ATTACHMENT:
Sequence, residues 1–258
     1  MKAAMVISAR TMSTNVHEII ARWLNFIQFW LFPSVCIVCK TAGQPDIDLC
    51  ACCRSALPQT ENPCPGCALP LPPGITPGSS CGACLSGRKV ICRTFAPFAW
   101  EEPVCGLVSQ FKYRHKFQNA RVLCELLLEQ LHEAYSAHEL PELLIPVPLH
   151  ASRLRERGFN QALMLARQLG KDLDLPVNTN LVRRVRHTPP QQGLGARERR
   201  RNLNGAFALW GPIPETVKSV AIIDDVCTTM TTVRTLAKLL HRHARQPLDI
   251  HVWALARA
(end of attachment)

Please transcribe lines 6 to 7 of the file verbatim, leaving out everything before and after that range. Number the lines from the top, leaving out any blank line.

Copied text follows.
   201  RNLNGAFALW GPIPETVKSV AIIDDVCTTM TTVRTLAKLL HRHARQPLDI
   251  HVWALARA